The movies of GIFF: select reviews

A look at select Horror films and Young Adult shorts.

Editor's Note: CL Intern Daniel Feingold and contributing writer Anthony "Sal" Salveggi took a look at some of the movies playing the Gasparilla International Film Festival this weekend, with Daniel focusing on Horror and Sal focusing on Young Adult shorts. Their reviews follow, starting with one for a flick that screened last night …]

I felt as uncomfortable watching Incubator as its main (and only) character did living through it. He wakes up in a motel bathtub full of ice with bloody operating tools in the sink and a poorly sewn up surgical wound in his side. The motel room door and window are boarded up. Sounds like a usual Friday night to me. Incubator, which screened Friday night at 10 p.m. at Muvico Centro Ybor, was listed as a B-movie horror, and that’s exactly what it was. (Take that as a compliment.) It’s a genuinely squeamish watch, and certainly high quality for this kind of flick. —DF

Director Josh Crute’s bright Knights of the Playground (screens at CinéBistro Hyde Park on Saturday at 11:30 a.m., 5 min) is a fun, honest look at the power of play to bring kids together, even during that tween age when girls are, as Kyle tells Billy, “boring.” One spunky girl comes along to prove Kyle very wrong. —AS

In The Parallax, directed by April Moore(screens CinéBistro Hyde Park on Saturday at 11:30 a.m., 5 min), rich cinematography is undermined by a prosaic, uninvolving consideration the journey from the safety of adolescence into the unknown. —AS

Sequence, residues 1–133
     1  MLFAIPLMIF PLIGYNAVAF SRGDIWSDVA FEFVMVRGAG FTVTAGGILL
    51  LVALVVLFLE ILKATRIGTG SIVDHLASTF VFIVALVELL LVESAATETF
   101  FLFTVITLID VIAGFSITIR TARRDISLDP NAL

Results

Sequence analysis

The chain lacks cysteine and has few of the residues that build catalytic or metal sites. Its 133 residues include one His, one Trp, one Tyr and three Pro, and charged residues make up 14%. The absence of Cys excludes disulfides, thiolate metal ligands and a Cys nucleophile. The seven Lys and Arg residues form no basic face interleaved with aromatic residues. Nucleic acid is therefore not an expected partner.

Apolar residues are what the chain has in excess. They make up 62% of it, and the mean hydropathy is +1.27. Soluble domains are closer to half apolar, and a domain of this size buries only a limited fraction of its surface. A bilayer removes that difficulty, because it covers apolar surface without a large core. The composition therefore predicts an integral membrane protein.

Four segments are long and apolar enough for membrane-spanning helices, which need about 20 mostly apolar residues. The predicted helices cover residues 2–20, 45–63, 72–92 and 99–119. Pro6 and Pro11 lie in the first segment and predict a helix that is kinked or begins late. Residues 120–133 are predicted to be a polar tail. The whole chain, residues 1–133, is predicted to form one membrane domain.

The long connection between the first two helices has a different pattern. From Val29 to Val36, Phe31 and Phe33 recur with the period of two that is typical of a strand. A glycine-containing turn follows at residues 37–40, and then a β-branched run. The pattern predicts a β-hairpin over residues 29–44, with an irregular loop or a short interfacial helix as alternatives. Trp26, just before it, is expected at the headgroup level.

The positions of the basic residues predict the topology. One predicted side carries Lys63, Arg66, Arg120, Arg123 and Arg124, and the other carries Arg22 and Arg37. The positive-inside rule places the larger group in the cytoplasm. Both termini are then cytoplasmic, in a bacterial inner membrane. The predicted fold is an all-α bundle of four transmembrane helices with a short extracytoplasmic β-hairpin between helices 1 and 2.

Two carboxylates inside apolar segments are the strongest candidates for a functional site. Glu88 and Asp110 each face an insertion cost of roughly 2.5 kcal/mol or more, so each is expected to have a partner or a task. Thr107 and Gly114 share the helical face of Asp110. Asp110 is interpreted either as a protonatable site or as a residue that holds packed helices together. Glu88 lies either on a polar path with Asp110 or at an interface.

Director Justin Reager’s Sunshower (screens CinéBistro Hyde Park on Saturday at 12:45 p.m., 13 min) recalls quirky teen rom-coms of the ’80s, complete with stereotypically brilliant Asian who helps his friend put together a contraption that will hopefully set just the right mood for romance. —AS

In Bullet (screens at Muvico Centro Theater 10 on Saturday at 6:30 p.m., 7 min), directed by Rebecca Drummond, Callie, one of the pretty, popular girls, knows there’s more to life than just being good looking, and longs to hang with the Bullets, the rough and tough girls’ softball team. Drummond shows confidence behind the camera, and gets good performances for a simple story reminiscent of after-school specials. —AS

Stylish storytelling and fine acting highlight director Rafael Salazar Moreno’s Camilo (screens at Muvico Centro Theater 10 on Saturday at 4:30 p.m., 16 min), an interesting look at dramas big and small, and what we choose to see and not see in our daily lives, told through the story of a NYC journalist hoping to cover the earthquake in Haiti. —AS

Fractured Minds (screens at CinéBistro Hyde Park on Saturday at 9:40 p.m.), makes me appreciate past horror films that I once deemed truly awful. This 30-minute production adheres to the genre’s most tiring tropes, following an unhappily married couple as they drive through the middle of nowhere on their way to a weekend vacation. They crash and wake up to find themselves tormented by some half-human, half-creature serial killer. The mindless dialogue and acting is far more terrifying than anything else found in Fractured Minds. And a clusterfuck of an ending, a failed attempt at giving the story a more profound meaning, feels completely unearned and pointless. —DF

Grounded (screens at CinéBistro Hyde Park on Sunday at noon) may be too short and vague to get its point across, but it at least makes you think. The nine-minute short centers on the last minutes of an astronaut’s life after he crashes on an exosolar planet. The impressive visuals help make this a captivating viewing experience, one that leaves viewers considering the meaning of the astronaut’s final moments. —DF

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